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Basics of Kaizen
What is this about?
This Basics of Kaizen training course has been designed to provide a strong foundation in lean manufacturing and continuous improvement. The training includes a mix of theory, practical learning activities. Kaizen generates small improvements as a result of coordinated continuous efforts by all employees. Kaizen events bring together a group of process owners and managers to map out an existing process and identify improvements that are within the scope of the participants. These are some of the fundamentals that learners will be taught.
Why should you enroll?
Kaizen is a Japanese philosophy that focuses on continual improvement throughout all aspects of life. When applied to the workplace, Kaizen activities can improve every function of a business, from manufacturing to marketing and from the CEO to the assembly-line workers. Kaizen aims to eliminate waste in all systems of an organization through improving standardized activities and processes. By understanding the basics of Kaizen, practitioners can integrate this method into their overall Six Sigma efforts.
What are the topics covered?
The program covers the following main areas:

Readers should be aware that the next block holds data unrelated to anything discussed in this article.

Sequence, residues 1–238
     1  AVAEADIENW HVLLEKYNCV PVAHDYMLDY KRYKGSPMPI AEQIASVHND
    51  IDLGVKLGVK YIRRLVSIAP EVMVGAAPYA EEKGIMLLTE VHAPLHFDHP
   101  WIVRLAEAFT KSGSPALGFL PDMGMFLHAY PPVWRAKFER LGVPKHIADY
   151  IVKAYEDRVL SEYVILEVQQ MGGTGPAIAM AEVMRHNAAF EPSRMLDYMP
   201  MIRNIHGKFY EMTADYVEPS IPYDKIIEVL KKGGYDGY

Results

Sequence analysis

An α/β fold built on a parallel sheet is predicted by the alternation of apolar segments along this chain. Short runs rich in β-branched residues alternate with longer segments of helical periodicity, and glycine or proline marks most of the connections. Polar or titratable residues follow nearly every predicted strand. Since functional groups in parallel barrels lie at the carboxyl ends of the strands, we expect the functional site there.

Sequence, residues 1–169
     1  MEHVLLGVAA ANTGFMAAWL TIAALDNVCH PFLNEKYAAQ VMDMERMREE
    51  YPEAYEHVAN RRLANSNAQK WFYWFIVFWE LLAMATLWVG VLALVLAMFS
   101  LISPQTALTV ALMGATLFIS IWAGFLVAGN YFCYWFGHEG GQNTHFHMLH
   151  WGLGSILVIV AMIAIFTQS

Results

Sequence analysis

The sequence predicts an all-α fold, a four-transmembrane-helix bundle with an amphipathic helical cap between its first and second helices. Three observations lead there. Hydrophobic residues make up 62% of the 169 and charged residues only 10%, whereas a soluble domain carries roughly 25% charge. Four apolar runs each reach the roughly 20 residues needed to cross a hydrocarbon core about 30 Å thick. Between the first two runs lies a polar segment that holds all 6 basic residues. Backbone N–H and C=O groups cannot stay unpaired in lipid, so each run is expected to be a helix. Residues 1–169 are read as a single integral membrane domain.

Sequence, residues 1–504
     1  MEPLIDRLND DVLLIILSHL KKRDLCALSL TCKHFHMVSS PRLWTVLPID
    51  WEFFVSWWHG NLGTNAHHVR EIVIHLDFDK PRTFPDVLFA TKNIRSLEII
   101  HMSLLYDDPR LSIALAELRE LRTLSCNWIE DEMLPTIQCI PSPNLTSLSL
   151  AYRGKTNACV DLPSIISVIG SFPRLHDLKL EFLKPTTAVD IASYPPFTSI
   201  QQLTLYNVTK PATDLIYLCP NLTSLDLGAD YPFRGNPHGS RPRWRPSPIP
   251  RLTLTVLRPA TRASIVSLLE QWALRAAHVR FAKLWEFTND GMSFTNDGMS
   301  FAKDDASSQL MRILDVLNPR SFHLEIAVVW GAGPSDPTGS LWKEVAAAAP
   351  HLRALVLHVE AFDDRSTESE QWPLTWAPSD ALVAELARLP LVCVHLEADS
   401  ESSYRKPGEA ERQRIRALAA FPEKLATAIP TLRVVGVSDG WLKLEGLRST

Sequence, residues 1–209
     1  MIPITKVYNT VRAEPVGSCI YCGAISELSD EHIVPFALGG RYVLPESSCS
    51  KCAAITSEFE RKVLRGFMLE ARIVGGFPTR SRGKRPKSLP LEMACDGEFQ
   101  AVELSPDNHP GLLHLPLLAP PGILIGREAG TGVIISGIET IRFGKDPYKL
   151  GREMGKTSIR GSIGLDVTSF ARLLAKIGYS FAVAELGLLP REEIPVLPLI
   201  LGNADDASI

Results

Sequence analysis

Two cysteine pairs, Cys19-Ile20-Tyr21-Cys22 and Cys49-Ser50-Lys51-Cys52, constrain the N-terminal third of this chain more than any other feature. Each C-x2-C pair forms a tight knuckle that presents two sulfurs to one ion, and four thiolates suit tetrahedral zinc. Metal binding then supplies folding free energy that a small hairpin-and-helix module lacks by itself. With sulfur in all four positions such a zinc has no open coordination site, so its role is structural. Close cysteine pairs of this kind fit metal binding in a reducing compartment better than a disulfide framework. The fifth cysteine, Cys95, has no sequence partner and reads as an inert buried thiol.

- Kaizen, What it is and What are its Benefits
- The Kaizen Model and Best Practices
- Kaizen Tools
- How to Start and Implement Kaizen the Easy Way
- Sustaining the Kaizen Program
What is the duration?
This is a 2 - day course
Who should attend?
Basics of Kaizen training is suitable for:
- Supervisors and team leaders from different industries, especially from the SME'S
- Everyone from managers to rank and file employees would benefit from attending this seminar.
- Office personnel and Operators - to understand the importance of following Kaizen as an every-day occurrence
- Leadership- to learn how to evaluate people's Kaizen forms (improvement proposals)
- Engineers and lean leaders - to understand how to introduce, support, and teach Kaizen
- Organizations at any stage in a lean transformation that are struggling with:
- Failure to sustain the results from past suggestions or Kaizen events
- Problems in getting collaborators to propose improvements for their work areas
- Poor ownership and accountability from employees, for changing the status quo